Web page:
Local songwriters tell their stories one verse at a time

Scheduled for this weekend at Cherry Hill Campground in Darien, Folk Faces Festival offers dozens of groups, numerous activities and a showcase of songwriters.

“It’s a group effort where everyone shares songs and works together to bring out our best stuff,” explained Tyler Westcott, festival promoter and lead singer of Folkfaces. He will be one of the songwriters to perform on Sunday’s Showcase.

“One person sings a song and tells a story, then the next person hopefully is affected by that song or story.”

Mikey Strongmen will also appear in the Songwriters Showcase. He appeared in similar events in Kansas City and Nebraska.

“For me, songwriting is deeply personal, but I try to please everyone and make a connection,” Strongmen said.

“I feel like once you write a song, it’s yours. But once you play it, it’s not yours anymore and it’s there in the ether. It can change. It can turn into something else.”

Tyler Westcott and Mikey Strongmen talk about their composition.

Strongmen bears the marks of experience, with his long beard and weathered face. It contrasts with two other songwriters in our discussion, Courtney Ann and Sara Elizabeth. They connected at Zoom events during the pandemic. Now they write together and perform as Tuesday evening.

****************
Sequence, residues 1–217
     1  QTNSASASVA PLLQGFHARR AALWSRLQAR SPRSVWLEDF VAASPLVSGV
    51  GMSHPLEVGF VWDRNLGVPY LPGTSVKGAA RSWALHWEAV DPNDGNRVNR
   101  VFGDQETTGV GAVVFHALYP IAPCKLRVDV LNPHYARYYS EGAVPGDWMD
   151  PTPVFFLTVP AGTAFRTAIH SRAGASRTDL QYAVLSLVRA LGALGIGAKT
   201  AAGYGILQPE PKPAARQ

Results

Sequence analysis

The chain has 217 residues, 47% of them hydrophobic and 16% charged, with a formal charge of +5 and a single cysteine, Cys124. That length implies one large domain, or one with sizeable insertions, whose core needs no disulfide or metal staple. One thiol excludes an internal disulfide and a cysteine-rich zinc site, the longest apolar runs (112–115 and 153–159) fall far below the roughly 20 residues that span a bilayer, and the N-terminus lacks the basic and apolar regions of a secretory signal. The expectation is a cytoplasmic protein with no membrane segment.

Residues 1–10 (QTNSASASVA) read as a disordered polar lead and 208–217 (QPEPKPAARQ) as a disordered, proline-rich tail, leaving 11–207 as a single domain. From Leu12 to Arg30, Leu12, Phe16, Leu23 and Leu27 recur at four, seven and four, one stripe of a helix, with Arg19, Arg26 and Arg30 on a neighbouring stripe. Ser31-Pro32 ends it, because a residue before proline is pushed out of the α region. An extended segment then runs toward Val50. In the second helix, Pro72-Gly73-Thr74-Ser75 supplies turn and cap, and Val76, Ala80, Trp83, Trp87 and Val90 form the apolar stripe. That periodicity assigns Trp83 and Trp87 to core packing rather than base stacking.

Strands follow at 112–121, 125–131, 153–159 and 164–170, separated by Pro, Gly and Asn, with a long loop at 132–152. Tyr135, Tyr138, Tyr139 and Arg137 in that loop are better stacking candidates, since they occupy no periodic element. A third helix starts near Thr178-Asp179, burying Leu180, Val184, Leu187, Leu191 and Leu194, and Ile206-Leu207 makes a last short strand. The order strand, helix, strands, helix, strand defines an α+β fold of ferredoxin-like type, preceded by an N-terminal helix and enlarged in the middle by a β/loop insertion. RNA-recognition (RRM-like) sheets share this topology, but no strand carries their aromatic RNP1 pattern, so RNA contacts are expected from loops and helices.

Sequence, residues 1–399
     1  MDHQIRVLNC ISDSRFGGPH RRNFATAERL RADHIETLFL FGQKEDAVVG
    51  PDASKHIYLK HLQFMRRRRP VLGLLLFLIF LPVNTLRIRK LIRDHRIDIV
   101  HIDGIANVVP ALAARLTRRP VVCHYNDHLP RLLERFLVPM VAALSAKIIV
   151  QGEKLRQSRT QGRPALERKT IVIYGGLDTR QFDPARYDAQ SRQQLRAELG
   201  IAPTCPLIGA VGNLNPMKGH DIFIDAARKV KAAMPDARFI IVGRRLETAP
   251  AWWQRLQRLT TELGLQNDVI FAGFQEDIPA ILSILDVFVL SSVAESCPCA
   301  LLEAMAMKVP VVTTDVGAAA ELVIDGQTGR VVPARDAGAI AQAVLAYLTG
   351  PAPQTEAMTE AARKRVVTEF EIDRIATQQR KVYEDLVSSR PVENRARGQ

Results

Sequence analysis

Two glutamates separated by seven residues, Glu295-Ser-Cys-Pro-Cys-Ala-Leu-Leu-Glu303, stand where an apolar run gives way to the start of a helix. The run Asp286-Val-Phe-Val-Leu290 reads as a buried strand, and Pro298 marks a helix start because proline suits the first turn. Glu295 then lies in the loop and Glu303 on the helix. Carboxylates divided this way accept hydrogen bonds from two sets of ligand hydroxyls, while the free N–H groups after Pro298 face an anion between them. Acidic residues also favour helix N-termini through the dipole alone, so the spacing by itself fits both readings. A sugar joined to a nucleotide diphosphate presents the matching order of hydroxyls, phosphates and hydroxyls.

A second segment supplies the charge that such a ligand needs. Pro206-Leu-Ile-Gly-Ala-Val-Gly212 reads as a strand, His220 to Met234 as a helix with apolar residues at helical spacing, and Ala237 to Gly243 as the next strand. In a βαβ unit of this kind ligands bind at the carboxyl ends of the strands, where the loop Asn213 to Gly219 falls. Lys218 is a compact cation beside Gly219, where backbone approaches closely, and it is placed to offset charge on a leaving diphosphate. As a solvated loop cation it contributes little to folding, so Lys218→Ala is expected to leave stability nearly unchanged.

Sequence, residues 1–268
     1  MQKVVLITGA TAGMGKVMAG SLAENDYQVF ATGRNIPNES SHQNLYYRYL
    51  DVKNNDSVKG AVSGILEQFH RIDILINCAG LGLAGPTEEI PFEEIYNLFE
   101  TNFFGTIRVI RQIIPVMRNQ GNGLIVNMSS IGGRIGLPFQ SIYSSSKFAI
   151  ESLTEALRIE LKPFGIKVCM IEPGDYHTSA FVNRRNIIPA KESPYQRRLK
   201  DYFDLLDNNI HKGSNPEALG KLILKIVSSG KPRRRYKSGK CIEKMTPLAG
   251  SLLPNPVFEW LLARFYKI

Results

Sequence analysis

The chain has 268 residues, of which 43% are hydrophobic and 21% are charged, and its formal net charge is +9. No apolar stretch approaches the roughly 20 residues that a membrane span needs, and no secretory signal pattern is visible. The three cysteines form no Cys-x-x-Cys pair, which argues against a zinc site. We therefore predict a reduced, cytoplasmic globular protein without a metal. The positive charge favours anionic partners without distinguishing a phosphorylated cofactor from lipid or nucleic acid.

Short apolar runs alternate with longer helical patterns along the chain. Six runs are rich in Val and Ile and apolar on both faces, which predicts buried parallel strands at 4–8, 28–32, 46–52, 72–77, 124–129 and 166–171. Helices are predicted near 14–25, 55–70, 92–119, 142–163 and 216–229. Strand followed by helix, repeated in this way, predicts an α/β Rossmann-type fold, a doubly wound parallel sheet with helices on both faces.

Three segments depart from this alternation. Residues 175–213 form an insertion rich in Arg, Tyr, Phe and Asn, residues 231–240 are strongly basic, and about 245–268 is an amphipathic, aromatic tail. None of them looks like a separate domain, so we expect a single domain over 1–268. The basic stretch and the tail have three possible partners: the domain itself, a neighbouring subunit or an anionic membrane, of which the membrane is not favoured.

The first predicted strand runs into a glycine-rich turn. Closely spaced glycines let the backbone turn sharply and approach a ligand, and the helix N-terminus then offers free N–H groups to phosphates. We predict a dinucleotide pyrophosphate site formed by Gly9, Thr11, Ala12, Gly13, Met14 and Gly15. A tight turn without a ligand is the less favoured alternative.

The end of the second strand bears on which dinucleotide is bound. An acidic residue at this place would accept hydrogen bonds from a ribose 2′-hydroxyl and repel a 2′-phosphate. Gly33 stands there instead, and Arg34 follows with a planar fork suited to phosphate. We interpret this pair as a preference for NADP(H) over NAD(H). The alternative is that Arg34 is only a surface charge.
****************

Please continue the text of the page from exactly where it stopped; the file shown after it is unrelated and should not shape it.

“It’s a conversation with yourself,” Courtney Ann said of songwriting.

“It’s therapeutic, in a way, sorting things out from your past or dealing with them in your present.”

Courtney Ann and Sara Elizabeth discuss their songwriting and the music they share as members of Tuesday Nite.

Sara Elizabeth says she has been writing since she was 12, playing classical guitar and working with poetry.

“It’s really cool,” she said of writing songs together. Their work is “introspective” and “determined” and is stimulated by their stage performances.

“Being able to experiment with our communication is really fun. Not just with our bandmates, but with each other and getting to know how each other works on stage,” explained Sara Elizabeth.

“It keeps you on your toes.”

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